Abstract

Exploratory drilling in the Faroe-Shetland Basin of the northeast Atlantic Ocean has been ongoing for several years. One of the greatest challenges of such drilling programs is cost-effectively drilling through the thick layers of Paleogene volcanic rock, which has thicknesses and depths that vary depending on the location of the regional tectonic geography. With the high expense inherent to remote offshore operations, total drilling costs will increase when expected penetration rates and interval lengths are limited due to drillbit inefficiency.

An operator planned to drill a second well in the Brugdan prospect, which lies in License 006, Block 6104/21 off the Faroe Islands. The challenge of drilling through a hard, long section of basalt/volcanic sequence presented a great opportunity for investigating and implementing new drillbit materials and design changes to diamond-impregnated bits. A study for materials testing was focused on diamond grit/matrix combinations for wear, durability, and ROP on two representative basalt outcrop columns provided by the customer. The analysis of the physical characteristics of the rock provided an insight of the matrix and diamond combinations for blade material and grit hot-pressed inserts (GHIs) that would offer a reliable product to meet the challenge and drill the long section. Materials testing followed at the drillbit manufacturing facility to find the appropriate diamond-impregnated recipe.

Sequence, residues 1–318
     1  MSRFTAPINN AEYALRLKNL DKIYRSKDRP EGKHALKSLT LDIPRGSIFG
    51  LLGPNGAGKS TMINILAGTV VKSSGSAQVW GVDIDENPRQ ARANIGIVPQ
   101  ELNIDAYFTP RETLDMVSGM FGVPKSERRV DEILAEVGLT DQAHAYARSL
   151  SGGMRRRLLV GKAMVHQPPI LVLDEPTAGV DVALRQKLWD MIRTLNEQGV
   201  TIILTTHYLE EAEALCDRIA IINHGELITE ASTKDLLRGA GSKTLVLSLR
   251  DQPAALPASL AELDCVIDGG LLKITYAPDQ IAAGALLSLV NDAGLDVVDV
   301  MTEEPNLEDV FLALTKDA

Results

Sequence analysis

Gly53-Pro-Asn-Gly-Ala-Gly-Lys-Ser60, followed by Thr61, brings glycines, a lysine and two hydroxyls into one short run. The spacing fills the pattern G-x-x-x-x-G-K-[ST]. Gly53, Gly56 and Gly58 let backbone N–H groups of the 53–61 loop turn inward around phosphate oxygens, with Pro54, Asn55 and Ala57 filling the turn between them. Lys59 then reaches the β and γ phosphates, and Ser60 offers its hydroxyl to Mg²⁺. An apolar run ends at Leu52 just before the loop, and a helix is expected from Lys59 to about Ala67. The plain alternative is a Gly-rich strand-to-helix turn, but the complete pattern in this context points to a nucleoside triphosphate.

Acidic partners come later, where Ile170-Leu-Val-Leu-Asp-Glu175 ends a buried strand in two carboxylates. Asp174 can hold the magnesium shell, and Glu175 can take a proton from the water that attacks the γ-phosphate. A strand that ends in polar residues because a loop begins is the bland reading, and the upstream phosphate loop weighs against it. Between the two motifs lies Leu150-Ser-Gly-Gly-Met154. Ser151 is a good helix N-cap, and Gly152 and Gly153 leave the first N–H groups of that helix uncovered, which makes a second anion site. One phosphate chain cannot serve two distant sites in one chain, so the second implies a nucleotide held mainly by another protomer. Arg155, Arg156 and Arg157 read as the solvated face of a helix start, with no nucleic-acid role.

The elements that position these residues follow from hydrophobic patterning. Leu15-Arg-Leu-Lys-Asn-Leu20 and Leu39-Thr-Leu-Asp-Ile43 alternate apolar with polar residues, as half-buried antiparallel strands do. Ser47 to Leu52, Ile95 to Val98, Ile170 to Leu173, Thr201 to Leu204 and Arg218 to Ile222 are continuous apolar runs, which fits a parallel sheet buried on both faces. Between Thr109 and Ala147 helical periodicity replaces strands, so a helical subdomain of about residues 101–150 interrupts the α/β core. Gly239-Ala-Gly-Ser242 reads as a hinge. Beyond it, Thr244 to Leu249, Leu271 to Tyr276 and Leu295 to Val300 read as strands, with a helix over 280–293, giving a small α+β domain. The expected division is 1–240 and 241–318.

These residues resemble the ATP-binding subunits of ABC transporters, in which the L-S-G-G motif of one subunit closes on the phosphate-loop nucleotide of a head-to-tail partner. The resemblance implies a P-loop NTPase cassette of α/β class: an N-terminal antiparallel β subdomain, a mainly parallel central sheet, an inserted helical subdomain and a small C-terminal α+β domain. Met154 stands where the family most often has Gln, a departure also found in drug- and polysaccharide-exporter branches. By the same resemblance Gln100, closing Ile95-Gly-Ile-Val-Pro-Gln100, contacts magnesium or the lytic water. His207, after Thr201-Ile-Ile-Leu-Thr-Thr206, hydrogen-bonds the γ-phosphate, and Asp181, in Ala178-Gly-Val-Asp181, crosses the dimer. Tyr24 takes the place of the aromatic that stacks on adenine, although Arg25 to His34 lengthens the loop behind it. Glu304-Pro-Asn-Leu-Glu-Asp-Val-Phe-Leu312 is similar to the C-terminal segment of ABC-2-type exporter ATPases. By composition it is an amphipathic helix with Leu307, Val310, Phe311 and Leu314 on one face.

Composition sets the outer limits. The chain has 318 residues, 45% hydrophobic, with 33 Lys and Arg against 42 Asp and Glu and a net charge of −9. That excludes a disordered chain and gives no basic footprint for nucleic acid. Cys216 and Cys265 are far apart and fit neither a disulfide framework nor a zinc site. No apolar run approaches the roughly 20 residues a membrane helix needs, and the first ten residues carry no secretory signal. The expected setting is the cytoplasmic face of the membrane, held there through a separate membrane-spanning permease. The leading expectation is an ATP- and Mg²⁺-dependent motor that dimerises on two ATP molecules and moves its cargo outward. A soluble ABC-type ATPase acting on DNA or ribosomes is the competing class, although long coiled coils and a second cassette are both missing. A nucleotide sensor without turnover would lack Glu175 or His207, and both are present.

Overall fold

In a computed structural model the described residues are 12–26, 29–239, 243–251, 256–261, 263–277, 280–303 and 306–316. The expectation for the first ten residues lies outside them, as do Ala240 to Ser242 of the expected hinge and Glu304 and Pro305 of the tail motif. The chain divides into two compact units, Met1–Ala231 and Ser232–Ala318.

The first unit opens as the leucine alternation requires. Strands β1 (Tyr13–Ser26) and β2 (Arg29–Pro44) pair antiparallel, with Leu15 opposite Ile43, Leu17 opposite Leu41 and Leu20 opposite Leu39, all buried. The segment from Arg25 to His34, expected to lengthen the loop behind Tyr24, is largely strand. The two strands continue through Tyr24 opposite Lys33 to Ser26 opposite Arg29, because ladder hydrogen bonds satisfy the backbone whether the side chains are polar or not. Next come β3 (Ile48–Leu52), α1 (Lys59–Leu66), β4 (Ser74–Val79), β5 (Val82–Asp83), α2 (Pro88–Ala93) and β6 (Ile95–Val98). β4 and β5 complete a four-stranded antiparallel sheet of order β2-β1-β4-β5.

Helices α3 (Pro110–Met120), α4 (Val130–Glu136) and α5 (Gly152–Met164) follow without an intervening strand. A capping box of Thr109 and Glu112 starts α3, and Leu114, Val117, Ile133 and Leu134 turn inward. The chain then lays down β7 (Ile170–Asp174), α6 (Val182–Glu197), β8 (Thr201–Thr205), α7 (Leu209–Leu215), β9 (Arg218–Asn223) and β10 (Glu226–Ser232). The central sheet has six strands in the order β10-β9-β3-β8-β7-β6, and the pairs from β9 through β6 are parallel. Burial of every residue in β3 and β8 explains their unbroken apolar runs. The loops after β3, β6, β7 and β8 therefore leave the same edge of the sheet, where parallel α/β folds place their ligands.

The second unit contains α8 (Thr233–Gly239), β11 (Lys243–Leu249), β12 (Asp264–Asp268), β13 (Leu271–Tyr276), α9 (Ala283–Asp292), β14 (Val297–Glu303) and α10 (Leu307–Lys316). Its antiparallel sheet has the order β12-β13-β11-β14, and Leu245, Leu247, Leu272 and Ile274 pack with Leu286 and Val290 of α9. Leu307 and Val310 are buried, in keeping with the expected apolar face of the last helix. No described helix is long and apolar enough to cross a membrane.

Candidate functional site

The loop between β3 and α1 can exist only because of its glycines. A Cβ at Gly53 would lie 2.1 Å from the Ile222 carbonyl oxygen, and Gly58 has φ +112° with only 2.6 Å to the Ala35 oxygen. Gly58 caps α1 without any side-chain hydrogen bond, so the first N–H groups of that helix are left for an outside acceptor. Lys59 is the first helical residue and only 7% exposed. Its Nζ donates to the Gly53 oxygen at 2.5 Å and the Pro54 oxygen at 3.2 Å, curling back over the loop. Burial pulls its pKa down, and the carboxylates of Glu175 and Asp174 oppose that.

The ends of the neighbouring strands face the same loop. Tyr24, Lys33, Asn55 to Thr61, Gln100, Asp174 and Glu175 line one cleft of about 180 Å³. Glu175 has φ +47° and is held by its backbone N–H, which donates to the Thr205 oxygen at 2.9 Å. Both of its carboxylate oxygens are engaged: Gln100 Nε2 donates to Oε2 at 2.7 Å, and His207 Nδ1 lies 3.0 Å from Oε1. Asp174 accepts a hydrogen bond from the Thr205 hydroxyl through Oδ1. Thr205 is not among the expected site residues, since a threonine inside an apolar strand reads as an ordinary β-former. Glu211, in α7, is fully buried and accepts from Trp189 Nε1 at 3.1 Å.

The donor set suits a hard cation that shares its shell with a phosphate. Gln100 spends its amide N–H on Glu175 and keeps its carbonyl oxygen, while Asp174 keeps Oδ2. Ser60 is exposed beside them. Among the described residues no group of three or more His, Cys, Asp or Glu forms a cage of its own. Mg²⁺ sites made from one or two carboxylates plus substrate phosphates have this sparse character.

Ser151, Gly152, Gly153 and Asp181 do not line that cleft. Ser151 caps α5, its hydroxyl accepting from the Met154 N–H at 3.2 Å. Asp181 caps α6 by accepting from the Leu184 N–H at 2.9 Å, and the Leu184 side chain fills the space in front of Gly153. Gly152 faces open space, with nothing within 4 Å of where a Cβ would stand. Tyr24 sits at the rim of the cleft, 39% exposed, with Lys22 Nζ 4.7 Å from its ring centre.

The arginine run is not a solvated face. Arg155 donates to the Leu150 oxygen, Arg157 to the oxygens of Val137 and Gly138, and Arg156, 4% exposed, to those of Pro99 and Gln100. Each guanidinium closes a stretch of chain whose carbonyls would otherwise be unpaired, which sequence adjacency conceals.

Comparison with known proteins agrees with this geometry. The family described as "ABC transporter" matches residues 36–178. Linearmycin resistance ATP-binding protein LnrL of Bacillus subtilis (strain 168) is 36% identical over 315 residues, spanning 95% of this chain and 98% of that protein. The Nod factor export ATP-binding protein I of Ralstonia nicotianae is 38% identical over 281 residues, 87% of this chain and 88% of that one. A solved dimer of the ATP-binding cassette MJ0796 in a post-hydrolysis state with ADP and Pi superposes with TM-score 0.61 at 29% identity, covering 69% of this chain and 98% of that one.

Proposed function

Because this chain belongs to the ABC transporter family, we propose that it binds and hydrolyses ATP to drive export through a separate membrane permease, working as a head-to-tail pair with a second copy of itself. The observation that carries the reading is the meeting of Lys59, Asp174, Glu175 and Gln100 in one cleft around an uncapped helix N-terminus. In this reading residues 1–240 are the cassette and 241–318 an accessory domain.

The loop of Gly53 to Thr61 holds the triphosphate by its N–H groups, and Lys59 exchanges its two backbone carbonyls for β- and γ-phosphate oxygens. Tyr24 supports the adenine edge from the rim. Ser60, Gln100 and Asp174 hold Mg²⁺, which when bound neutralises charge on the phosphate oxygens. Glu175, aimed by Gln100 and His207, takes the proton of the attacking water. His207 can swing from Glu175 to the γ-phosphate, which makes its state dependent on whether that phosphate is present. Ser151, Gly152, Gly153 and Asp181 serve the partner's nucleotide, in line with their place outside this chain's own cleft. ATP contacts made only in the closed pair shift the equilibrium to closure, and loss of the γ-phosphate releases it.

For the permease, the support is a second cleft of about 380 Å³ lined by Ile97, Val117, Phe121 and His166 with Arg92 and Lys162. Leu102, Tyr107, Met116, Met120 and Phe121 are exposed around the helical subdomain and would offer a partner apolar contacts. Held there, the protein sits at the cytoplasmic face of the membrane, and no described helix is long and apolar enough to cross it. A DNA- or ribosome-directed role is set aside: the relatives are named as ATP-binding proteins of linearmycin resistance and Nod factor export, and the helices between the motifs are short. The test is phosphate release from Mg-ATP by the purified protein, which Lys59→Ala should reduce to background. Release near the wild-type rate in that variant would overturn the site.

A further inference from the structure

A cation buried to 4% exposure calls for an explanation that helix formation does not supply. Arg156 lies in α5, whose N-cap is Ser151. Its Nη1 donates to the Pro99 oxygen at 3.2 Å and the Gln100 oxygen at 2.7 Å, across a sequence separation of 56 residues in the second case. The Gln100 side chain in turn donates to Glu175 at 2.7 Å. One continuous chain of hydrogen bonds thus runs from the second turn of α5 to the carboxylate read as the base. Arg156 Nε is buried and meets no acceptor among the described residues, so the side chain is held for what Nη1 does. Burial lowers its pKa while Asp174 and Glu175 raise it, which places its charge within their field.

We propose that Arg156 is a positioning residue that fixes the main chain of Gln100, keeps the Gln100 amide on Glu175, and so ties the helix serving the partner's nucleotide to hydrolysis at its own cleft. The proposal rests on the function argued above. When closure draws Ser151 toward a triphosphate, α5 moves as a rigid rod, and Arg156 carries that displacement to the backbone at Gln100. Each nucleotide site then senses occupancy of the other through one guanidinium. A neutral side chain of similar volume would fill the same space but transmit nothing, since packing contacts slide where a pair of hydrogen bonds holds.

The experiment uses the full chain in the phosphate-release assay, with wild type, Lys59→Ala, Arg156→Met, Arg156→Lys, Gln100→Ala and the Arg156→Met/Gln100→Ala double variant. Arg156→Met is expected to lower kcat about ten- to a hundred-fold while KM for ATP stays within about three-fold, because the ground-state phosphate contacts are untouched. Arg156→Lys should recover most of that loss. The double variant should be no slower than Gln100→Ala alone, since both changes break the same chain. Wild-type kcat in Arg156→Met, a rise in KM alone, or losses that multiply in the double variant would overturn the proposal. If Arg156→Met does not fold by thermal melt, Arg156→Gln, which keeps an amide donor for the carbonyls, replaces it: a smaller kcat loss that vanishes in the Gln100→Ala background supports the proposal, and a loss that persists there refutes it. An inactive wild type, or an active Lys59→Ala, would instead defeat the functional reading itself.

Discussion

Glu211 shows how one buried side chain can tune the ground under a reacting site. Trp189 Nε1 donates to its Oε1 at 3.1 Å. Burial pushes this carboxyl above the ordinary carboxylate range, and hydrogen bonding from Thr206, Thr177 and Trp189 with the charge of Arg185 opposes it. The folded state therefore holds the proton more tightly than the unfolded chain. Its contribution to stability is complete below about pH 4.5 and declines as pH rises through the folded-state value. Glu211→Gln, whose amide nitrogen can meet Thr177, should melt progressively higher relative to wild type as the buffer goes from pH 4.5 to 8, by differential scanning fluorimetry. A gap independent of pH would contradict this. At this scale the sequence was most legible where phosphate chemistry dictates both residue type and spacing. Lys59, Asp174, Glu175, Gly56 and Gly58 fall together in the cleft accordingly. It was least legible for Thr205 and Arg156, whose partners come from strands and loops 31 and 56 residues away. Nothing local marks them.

A competitive diamond-impregnated bit was developed for the 12¼-in section, resulting in an internal world record and an unprecedented drilling performance in the extremely hard and long volcanic sequence.

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